NK1.1+ cells promote sustained tissue injury and inflammation after trauma with hemorrhagic shock

Shuhua Chen, Rosemary A. Hoffman, Melanie Scott, Joanna Manson, Patricia Loughran, Mostafa Ramadan, Anthony J. Demetris, Timothy R. Billiar*

*Corresponding author for this work

Research output: Contribution to journalArticlepeer-review

7 Scopus citations


Various cell populations expressing NK1.1 contribute to innate host defense and systemic inflammatory responses, but their role in hemorrhagic shock and trauma remains uncertain. NK1.1+ cells were depleted by i.p. administration of anti-NK1.1 (or isotype control) on two consecutive days, followed by hemorrhagic shock with resuscitation and peripheral tissue trauma (HS/T). The plasma levels of IL-6, MCP-1, alanine transaminase (ALT), and aspartate aminotransferase (AST) were measured at 6 and 24 h. Histology in liver and gut were examined at 6 and 24 h. The number of NK cells, NKT cells, neutrophils, and macrophages in liver, as well as intracellular staining for TNF-α, IFN-γ, and MCP-1 in liver cell populations were determined by flow cytometry. Control mice subjected to HS/T exhibited end organ damage manifested by marked increases in circulating ALT, AST, and MCP-1 levels, as well as histologic evidence of hepatic necrosis and gut injury. Although NK1.1+ cell-depleted mice exhibited a similar degree of organ damage as nondepleted animals at 6 h, NK1.1+ cell depletion resulted in marked suppression of both liver and gut injury by 24 h after HS/T. These findings indicate that NK1.1+ cells contribute to the persistence of inflammation leading to end organ damage in the liver and gut.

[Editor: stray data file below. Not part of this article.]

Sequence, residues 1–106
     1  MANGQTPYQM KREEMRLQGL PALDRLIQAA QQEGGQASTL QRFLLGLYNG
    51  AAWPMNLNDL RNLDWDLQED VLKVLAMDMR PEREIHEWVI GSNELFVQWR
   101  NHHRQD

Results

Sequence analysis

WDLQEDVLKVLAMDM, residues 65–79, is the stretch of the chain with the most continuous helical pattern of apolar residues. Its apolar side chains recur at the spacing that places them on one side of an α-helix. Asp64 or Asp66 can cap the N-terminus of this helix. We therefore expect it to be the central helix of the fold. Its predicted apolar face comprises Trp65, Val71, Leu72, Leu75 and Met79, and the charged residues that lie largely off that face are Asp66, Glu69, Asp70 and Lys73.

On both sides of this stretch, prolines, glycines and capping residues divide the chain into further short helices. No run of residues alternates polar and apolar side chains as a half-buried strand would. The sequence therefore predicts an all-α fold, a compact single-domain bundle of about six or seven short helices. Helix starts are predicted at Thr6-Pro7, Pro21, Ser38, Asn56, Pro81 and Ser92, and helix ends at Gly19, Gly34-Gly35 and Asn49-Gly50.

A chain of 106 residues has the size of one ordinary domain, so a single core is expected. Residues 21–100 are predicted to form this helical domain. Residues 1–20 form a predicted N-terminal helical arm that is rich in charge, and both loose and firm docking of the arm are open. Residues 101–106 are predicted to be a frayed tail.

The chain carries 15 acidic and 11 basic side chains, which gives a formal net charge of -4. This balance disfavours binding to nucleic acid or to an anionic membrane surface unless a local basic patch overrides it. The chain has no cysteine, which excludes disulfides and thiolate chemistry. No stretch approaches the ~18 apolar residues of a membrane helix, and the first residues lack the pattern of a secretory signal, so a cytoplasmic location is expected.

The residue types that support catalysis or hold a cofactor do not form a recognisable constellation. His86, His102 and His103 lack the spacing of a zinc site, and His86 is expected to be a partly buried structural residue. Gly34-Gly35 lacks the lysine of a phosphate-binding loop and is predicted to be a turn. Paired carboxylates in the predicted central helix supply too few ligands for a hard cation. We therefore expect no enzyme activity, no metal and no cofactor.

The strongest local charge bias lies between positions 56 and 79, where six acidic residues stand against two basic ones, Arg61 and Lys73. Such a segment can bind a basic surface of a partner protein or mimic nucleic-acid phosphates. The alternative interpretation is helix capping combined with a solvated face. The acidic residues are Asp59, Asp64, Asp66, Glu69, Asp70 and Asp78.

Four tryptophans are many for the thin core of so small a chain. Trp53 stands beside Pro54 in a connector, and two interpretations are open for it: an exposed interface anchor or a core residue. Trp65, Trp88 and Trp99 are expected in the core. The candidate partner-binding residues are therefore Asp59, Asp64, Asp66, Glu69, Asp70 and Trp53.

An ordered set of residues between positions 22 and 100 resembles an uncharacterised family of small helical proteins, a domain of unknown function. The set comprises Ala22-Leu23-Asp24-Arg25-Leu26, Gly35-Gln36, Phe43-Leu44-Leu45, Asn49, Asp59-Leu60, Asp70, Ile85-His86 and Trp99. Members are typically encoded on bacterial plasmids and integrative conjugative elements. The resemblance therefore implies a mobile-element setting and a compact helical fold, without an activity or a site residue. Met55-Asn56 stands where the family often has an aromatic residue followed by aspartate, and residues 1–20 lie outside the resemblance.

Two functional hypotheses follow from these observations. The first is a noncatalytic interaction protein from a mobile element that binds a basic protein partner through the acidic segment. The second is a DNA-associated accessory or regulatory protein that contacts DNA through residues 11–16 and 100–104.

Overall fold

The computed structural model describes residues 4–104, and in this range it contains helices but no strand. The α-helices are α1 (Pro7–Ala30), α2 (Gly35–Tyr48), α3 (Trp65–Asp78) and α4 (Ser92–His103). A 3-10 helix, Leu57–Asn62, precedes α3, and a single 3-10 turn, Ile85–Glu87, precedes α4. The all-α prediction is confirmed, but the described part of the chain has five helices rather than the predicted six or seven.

Original languageEnglish
Pages (from-to)127-134
Number of pages8
JournalJournal of Leukocyte Biology
Issue number1
StatePublished - Jul 2017
Externally publishedYes


  • Cytokines
  • Leukocytes
  • Natural killer cell
  • T cell


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